Rich Americans are rushing to make large transactions, trying to get ahead of any moves by President-elect Joe Biden and Democrats in Congress to raise taxes or close loopholes.
Requests for property appraisals have quadrupled at New York firm Miller Samuel Inc., President Jonathan Miller said, he had to start turning away clients.
Because Republicans did better than many expected in congressional races, the results suggested President-elect Joe Biden may have a difficult time fulfilling campaign promises to raise trillions of dollars in new revenue from the wealthy.
Two run-off elections in Georgia on Jan. 5 still give Democrats a chance to win 50 seats in the Senate, affording them control of the chamber with Vice President-elect Kamala Harris casting tie-breaking votes.
Even if Democrats win both races in Georgia, “it’s still going to be very difficult for the president-elect to really get significant tax reform done with a split Senate,” said Benjamin Berger, a partner at RSM US and co-leader of its national family-office practice.
Nonetheless, tax changes are still possible in 2021, and the Biden administration could also try to close the many loopholes that make the U.S. estate and gift tax easy to avoid. “I can see a situation where Treasury issues regulations that make it more difficult to do effective estate planning,” Berger said.
The 2017 Republican tax law signed by President Donald Trump doubled the amount the wealthy could pass to heirs without paying the estate and gift tax, to $11.58 million for individuals and $23.16 million for couples this year. That and other provisions of the law expire in 2026, giving the rich another reason to make moves sooner rather than later.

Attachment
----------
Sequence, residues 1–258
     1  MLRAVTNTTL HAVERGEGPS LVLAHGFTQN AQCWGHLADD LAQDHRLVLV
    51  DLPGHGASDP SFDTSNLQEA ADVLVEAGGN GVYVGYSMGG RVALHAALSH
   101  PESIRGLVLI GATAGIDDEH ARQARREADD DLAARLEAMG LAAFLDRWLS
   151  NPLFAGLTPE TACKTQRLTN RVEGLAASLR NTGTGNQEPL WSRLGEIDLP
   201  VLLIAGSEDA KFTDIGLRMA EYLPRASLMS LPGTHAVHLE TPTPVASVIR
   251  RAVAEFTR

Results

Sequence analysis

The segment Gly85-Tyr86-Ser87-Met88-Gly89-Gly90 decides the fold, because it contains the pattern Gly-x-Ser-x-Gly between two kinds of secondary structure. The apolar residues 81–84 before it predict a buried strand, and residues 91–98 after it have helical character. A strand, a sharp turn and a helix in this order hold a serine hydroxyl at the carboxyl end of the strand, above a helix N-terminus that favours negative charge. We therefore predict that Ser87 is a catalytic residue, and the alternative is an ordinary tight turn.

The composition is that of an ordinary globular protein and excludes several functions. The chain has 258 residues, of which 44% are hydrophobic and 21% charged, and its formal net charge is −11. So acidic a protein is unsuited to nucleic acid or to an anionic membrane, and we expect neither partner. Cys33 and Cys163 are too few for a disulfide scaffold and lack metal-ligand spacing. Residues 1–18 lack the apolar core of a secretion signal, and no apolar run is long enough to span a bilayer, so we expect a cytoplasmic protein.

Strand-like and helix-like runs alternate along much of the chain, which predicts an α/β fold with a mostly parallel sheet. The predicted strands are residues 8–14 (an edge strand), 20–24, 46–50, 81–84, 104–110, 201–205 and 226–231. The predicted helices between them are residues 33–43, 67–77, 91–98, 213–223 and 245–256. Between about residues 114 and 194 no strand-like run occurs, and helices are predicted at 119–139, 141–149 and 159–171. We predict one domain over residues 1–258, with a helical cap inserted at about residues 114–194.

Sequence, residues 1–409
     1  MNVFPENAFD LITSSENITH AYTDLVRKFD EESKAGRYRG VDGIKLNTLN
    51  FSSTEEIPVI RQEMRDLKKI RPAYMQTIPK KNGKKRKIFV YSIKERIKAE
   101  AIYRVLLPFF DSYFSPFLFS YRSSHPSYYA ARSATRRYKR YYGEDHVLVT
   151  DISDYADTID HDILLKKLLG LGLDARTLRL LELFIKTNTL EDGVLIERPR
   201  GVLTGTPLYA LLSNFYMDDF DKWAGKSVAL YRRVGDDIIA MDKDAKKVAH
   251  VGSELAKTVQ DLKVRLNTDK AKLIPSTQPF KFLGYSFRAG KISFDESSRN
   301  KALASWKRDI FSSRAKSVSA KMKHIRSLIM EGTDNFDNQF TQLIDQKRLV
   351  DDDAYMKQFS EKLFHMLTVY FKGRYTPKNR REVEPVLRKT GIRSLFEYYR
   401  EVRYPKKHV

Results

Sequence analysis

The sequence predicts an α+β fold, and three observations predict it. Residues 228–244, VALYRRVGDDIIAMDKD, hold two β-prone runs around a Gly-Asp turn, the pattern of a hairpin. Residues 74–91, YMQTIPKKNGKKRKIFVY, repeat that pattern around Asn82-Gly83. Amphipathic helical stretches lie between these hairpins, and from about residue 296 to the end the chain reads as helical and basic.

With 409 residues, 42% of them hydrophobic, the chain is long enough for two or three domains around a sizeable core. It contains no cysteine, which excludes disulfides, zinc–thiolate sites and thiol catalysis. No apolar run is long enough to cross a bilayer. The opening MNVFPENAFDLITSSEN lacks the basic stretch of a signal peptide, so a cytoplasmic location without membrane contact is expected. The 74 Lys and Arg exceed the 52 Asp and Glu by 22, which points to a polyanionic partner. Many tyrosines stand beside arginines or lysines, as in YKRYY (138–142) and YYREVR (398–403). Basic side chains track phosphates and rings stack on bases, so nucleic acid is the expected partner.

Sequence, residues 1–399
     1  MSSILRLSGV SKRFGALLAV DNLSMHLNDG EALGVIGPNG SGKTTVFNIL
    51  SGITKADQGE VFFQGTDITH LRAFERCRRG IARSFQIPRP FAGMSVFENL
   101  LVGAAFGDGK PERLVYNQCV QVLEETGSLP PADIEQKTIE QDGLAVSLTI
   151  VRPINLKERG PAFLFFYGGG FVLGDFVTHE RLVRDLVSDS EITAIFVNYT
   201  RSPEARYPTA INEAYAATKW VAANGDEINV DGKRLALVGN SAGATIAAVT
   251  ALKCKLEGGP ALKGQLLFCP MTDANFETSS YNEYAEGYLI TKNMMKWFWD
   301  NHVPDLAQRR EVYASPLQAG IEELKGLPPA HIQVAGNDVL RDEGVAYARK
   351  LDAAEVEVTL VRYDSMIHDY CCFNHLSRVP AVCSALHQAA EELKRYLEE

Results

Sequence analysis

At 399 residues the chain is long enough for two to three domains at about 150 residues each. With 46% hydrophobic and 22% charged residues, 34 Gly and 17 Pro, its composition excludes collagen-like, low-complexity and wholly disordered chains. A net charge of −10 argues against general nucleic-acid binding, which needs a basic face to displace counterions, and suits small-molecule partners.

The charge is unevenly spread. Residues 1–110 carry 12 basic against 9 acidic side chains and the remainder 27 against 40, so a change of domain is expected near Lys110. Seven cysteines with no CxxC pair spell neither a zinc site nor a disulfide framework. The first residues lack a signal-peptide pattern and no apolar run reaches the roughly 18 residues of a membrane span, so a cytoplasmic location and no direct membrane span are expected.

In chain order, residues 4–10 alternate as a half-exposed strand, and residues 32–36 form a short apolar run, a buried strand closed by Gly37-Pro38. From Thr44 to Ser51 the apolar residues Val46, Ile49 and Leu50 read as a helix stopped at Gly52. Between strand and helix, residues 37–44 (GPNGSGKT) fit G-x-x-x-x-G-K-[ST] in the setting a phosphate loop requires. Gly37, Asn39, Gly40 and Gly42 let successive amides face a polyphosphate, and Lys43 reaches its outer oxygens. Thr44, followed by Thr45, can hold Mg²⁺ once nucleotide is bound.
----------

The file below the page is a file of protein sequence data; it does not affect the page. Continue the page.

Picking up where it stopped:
Before the election, “so many clients had already started looking at gifting strategies,” said Lisa Featherngill, head of legacy and wealth planning at Abbot Downing, a unit of San Francisco-based Wells Fargo & Co.
The threat that tax changes under Biden could be retroactive to the beginning of 2021. But many advisers are now telling clients that seems less likely, with tax hikes occurring in 2022 if they happen at all.
Still, Laura Zwicker, Chair of the private client services group at Los Angeles law firm Greenberg Glusker, said she’s busier “than I have ever been” with a surprising number of new clients coming in the weeks after the election looking to finish transactions. Zwicker said. “Clients want to take advantage of the current law.”
Even if they’re not worried about tax changes in 2021, rich Americans are still pursuing the usual end-of-year planning moves designed to lower their tax bills. The pandemic-related legislation like the CARES Act offer the chance to make these strategies more lucrative.
For example, the charitably inclined have the unprecedented ability to offset 100 percent of their taxable income with donations in 2020. To take full advantage, donors need to make much of their gifts in cash -- a sticking point for those who prefer the bigger tax breaks provided by gifts of appreciated stock.
Older Americans can also lower their taxable income by not taking required minimum distributions in 2020 from individual retirement accounts. Losses from businesses or volatile stock market can also offset other income, lowering tax bills or letting clients convert traditional individual retirement accounts to Roth IRAs without paying more than usual.